Inerrancy: Monday’s Questions

These questions relate to my essay from Monday morning –

Is it necessary that “inerrancy” be defined in detail to hold someone else accountable for not believing in inerrancy?

Are you aware of any efforts to provide a detailed definition from within the Churches of Christ?

Is inerrancy properly considered a test of salvation, fellowship, or soundness?

This entry was posted in Inerrancy and the Canon, Uncategorized. Bookmark the permalink.

35 Responses to Inerrancy: Monday’s Questions

  1. Bob Brandon says:

    My take:

    “May a doctrine itself not derived from the text be used to marginalize a believer for conclusions obtained in good faith from the text?”

    A belief in the inspiration of the text is not the same as a belief in an “inerrancy” of it.

  2. Alan says:

    Jesus treated the scriptures as inerrant. Matt 4:4, Matt 5:18.

    He promised that the apostles’ teaching would be definitive. Luke 10:16, John 13:20, John 14:26

    Not even the Holy Spirit himself was permitted to change or to add to the message. John 16:13

    The apostles wrote just what the Holy Spirit instructed. 1 Cor 2:13, Gal 1:12, 1 Thess 2:13, 2 Pet 1:21, 2 Pet 3:15

    It’s important to note how Jesus used the OT scriptures. In his day they were many hundreds of years old, and had been copied and recopied. Yet he regarded them as infallible, not just word for word but every individual letter of every word (“jot and tittle”). Apparently he quoted from the Septuagint, which was a translation from Hebrew into Greek. Yet he never mentions any of the disputable translation choices (nor did Paul, who we know taught from the Greek OT). It’s impossible to avoid the conclusion that Jesus expected his followers to hold the scriptures as accurate, authoritative, and conclusive on any topic.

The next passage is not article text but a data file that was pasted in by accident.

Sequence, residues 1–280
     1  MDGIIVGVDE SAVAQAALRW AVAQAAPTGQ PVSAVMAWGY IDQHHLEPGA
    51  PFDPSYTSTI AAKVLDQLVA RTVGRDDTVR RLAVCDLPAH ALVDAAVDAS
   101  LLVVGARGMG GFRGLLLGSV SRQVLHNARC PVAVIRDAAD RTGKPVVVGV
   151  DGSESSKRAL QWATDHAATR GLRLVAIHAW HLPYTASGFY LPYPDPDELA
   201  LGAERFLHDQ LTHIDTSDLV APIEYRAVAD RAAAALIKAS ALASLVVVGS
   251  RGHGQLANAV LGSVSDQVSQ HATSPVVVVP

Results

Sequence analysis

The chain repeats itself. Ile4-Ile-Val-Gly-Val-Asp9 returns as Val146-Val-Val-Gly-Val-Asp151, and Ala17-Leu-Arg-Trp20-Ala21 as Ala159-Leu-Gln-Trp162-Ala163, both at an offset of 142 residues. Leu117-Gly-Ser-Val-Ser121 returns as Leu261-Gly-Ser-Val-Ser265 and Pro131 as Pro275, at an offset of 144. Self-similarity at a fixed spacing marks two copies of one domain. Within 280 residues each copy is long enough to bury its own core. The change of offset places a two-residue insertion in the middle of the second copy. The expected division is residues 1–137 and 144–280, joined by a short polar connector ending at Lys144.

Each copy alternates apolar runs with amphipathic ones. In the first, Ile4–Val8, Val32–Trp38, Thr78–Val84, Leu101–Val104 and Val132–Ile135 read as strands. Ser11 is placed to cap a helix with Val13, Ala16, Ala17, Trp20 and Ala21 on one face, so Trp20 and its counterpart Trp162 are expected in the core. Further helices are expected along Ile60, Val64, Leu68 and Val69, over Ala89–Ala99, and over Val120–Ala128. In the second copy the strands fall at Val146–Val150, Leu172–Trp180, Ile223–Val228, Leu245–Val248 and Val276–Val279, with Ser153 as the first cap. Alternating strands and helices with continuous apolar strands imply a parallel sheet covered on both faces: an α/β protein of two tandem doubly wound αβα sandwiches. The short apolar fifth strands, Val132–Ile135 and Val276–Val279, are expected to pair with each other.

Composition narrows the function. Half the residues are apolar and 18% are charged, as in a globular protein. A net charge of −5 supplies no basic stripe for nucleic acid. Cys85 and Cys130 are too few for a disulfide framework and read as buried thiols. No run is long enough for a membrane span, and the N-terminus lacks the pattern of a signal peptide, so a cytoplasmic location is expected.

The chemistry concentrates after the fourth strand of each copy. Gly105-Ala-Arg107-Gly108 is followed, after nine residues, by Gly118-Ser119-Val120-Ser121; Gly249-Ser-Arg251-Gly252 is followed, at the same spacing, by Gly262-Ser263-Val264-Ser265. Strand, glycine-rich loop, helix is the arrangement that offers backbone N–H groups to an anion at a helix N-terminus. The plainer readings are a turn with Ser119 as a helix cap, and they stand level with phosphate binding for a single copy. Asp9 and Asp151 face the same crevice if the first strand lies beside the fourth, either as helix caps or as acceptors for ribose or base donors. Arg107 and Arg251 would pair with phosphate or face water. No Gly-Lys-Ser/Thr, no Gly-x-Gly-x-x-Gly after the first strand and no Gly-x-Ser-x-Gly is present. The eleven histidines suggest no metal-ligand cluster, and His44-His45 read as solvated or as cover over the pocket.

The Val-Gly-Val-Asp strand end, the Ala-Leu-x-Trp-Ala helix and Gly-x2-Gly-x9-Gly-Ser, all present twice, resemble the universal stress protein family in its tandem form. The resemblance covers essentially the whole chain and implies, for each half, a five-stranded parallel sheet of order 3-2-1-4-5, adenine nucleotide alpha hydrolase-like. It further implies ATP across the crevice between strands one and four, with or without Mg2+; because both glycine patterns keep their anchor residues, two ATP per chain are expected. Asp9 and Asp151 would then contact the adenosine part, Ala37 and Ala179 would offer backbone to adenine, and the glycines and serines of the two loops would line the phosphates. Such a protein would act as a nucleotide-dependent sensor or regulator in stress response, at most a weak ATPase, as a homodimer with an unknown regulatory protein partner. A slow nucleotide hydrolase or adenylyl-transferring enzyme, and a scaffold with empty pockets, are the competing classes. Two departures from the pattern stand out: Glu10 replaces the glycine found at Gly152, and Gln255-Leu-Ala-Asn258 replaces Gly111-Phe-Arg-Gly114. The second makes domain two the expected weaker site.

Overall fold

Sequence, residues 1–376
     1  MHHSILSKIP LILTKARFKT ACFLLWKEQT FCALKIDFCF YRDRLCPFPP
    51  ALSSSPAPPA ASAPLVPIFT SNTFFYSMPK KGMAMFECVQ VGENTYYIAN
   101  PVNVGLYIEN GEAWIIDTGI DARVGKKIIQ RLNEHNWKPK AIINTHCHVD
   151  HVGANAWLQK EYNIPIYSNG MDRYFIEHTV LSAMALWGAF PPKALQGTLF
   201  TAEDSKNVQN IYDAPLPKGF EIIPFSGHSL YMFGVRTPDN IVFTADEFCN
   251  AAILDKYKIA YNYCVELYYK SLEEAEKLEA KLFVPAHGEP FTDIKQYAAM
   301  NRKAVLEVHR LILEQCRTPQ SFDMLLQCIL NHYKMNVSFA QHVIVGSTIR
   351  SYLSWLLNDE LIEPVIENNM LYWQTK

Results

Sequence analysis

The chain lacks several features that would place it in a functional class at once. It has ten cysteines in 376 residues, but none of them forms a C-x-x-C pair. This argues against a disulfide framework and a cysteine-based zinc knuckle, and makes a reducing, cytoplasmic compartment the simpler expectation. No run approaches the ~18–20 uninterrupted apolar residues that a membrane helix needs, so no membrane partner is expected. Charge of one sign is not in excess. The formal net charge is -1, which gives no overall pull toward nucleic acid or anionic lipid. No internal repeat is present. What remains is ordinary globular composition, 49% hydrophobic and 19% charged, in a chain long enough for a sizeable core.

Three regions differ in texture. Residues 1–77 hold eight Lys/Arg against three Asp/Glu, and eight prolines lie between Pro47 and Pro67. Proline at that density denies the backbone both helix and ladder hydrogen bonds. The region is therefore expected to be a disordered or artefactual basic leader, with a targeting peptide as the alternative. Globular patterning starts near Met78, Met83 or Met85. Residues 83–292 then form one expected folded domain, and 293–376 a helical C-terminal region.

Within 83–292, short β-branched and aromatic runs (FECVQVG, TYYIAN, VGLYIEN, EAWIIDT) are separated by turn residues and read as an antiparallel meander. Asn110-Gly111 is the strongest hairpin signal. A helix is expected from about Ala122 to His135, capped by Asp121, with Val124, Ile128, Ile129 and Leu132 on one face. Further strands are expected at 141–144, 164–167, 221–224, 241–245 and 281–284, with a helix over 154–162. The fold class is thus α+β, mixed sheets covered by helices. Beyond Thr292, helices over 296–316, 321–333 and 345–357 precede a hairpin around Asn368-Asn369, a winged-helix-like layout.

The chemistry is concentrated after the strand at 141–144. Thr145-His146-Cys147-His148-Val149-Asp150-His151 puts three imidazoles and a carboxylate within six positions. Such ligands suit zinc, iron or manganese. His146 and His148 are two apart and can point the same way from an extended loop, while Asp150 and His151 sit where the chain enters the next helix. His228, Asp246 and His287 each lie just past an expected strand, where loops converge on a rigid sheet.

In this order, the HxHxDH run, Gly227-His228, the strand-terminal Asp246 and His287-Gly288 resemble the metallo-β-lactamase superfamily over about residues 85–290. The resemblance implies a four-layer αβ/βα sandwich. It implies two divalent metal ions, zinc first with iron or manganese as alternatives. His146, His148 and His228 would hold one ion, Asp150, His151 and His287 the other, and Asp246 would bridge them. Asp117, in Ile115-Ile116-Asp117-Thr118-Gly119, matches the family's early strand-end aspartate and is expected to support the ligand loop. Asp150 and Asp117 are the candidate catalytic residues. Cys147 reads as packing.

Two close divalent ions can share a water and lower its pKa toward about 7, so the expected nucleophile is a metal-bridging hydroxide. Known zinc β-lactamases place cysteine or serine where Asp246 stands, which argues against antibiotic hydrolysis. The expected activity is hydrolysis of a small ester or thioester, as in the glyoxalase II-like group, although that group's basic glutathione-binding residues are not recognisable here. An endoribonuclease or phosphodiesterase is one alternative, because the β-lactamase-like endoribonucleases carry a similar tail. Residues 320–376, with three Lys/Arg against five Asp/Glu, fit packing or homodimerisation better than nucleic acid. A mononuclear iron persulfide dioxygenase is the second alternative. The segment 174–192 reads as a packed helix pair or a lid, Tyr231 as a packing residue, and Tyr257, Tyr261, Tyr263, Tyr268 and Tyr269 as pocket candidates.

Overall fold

3. To me, the issue is less about inerrancy, but rather are we using the Text for the purposes for which it was made available to us?

    I don’t believe God’s intent was for us to use it as a basis for arguing over doctrine. That’s what Jesus chastised the Pharisees and Sadducees about.

  4. Alan says:

    BTW my previous post is an attempt to address the question of what inerrancy means.

  5. Price says:

    My guess is that the lack of a uniform definition leads to the disagreement. Most of the time, IMHO, it’s not the inerrancy of the scripture itself that is challenged but the interpretation of the scripture by the individuals… Heresy and imprisonment were once used to punish those that believed the Sun was the center of the universe when scripture CLEARLY showed that the Earth was…Well, no it didn’t..Turns out that it was the interpretation that was in error… It should have been read as raining “cats and dogs” rather than being used as scientific literature…

    Perhaps the trouble comes from missing the central THEME of what is written and focusing on our disagreements from what we believe was written “between the lines.” ??

  6. Adam says:

    What is shocking to me is that, even if the Bible is “inerrant” in a literal way, we think that we can escape our own fallen intellects and our unperceived cultural biases to meet the Bible in the realm of the “inerrant”. We can’t.

    So whether or not the Bible is inerrant, we are still fallen creatures who cannot interact with the Bible at the level of the inerrant, because we are, most assuredly and inarguably, not innerant.